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For first order kinetics what is the elimnation rate equal to?
rate= v= [Drug plasma] * k
k= is the elimnation rate constant
1st order kinetics what is drug elimnation equal to?
[drug plasma] * drug clearance
What happens to the elimnation rate with a decrease in [drug] with 1st order kinetics?
the elimnation rate decreases with a decrease in [drug]
What happens to t1/2 and cl with a decrease in [drug] 1st order kinetics?
half life and clearance remain the same if hepatic and renal function do not change
What is t1/2?
the time it takes to decrease the plasma concentration by 50%
t1/2= (equation we need to know)
What are the factors that affect t1/2 ?
Drug clearance rate
Volume of distribution
Disease or age
Cl = (equation we need to know)
Cl = Vd * K
What is the rate emlination during zero order kinetics?
It is constant
Are zero order reactions dependent on concentration?
INdependent of concentration of drug in plasma
What are the things posted on Baskis slide about metabolism?
Drug molecules are metabolized by enzymes
Drug action may increase/decrease after metabolism
Genetic variations determine the fate of the drug
Several routes of metabolism for drugs
May or may not terminate the action of the drug
May take place anywhere but the liver is the prime site
Not contant, can be changed by other drugs basic of drug
Where are the sites of biotranformation?
Where ever the appropiate enzymes occur, plasm, kidney,gut wall and the liver is the ideal place to metabolize drugs and has a major role in biotransformation
What is the main enzyme for metabolism?
Cytohrome P450, had mix function of oxidases, there are 4 fmailies, six sub families, and 20 isoenzymes
What is the order of phase 1 reactions?
- Oxidative deamination
What does an oxidation reaction do?
increase in the proportion of oxygen
What does a reduction reaction do?
decrease in the proportion of oxygen
What does a hydrolysis reaction do?
Cleavage by the addition of water
What is the phase 2 reactions?
Conjugations with glucuronide, sulphate
What does conjugation of glucuronide, sulphate do?
Alters activity, made less lipid soluble so excreted
What are the factors that effect biotransformation?
- Clinical or physiological condition
- Other drugs administerd
First pass metabolism
What are high risk patients for drug interaction?
Multiple drug therapy
Renal, liver impairment
What are high risk drugs for drug interaction?
Narrow therapeutic index
Enzyme inhibitor or inducer
What are some drugs with low therapeutics index?
What is the definition of drug interaction?
ONe drug may alter the extent of absorption, distribution, metabolism, or excretion of another drug
A change in blood concentration of one drug may cause a change in the drugs effect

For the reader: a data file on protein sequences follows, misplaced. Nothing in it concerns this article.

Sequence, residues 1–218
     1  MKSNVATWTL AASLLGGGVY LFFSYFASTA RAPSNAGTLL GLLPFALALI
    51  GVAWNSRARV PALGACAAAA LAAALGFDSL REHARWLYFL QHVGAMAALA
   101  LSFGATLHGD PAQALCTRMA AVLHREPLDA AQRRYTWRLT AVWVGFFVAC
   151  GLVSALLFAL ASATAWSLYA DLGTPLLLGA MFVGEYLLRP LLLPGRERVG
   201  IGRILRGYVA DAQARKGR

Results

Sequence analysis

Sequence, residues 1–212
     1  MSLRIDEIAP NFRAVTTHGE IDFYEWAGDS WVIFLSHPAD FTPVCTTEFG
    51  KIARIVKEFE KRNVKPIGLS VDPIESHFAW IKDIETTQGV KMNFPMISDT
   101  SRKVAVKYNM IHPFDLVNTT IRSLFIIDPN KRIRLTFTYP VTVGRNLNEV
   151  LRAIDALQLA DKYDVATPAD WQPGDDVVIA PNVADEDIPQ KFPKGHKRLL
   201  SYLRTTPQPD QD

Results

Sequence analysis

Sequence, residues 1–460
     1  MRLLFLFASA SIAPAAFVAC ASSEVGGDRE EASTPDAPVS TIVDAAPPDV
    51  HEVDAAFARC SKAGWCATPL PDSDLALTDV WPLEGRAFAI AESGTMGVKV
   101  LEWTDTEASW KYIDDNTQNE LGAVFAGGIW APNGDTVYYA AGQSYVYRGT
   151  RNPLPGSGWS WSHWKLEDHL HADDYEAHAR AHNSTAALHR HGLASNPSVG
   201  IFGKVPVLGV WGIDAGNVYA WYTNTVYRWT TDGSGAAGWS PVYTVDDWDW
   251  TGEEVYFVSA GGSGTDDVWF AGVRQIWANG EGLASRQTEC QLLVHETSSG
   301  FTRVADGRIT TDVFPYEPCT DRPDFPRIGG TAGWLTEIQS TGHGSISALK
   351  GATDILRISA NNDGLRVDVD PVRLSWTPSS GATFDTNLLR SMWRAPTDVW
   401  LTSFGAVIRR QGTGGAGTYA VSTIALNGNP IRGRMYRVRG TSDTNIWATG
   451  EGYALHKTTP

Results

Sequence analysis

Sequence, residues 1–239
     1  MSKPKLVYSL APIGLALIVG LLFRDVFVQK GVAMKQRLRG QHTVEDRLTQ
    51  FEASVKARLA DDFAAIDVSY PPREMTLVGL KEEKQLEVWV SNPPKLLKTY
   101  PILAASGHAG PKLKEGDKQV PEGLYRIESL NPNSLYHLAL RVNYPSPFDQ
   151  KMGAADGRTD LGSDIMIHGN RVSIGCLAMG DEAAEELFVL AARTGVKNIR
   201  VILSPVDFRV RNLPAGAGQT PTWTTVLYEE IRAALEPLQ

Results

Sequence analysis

What is enzyme induction?
LEads to the production of more enzymes usually 3 to 4 days of exposure to an inducer
What does the time course of an inducer depend on?
the half life of the inducer
What are some drug interactions with excretion?
- Drug A can increase or decrease the excretion of drug B
- Which causes drug B fall below or rise above normal therapeutic range
Can lead the drug to be either toxic or ineffective
What is drug displacement?
Drug binding to plasma protein and not allowing to drug to get to tissue
Only free drug can get to the target tissue
Another drug can bind to the plasma protein displacing the first drug from the plasma protein allowing more free drug available to bind to tissue
the true rate and extent at which the therapeutically ative drug reaches the systemic circulation and is available at the site of action from an administered dosage form
The proportion of drug in a dosage form available to the body
How much drug is bioavailable for an IV injection?
IV are 100 percent bioavailable
What is the absolute bioavailability equal to?
[AUC]po * does IV divided by [AUC]IV * dose po
What is the relative bioavailability?
[AUC]a *dose b divided by [AUV]b * dose a
What is the pharmokinetic method of assessing bioavailability?
It is based on the plasma concentration of the drug and the assumption that the pharmokinetic profile reflects the therapeutic effectiveness of a drug
What is the pharmodynamic method of assessing bioavailability?
Based on direct measurement of drug effect on a pathophysiologic process as a function of time
What are some reasons for poor bioavailability?
Poor aqueous solubility
- Poor stability of the dissolved drug at physiological pH
- Poor permeation through the biomembranes
Extensive presystemic metabolism
What are the methods of enhancing bioavailability?
Lipids based formulation
Size reduction, mirconization
Functional polymer technology
Porous microparticle technology
The hydrophilic solubilization technology
Controlled precipitation technology
What is the lipid based formulation way to enhance absorption?
high lipophilicity facilitates drug absorption
The presence of surfactant in such formulations enhances absorption due to increase permeability
What is the size reduction micronization way to enhance absorption?
Increasing the surface area by decreasing the particle size gives a higher rate of dissolution
What is the functional polymer technology way to enhance absorption?
Ion exchange resins interact and exchange ions with ionizable molecules of the surrounding medium reversibily
What is the porous microparticle technology way to enhance absorption?
The hydrophobic drug delivery system
The poorly water soluble drug is embedded into a porous water soluble mircoparticle.
When in contact with water the matrix dissolves leaving a suspension of rapidly dissolving particles
The particle have a large surface area
What is the hydrophilic solubilization technology way to enhance absorption?
THey are coated with lecithin-gelatin which form micelles to enhance dissolution
What is the controlled precipitation technology way to enhance absorption?
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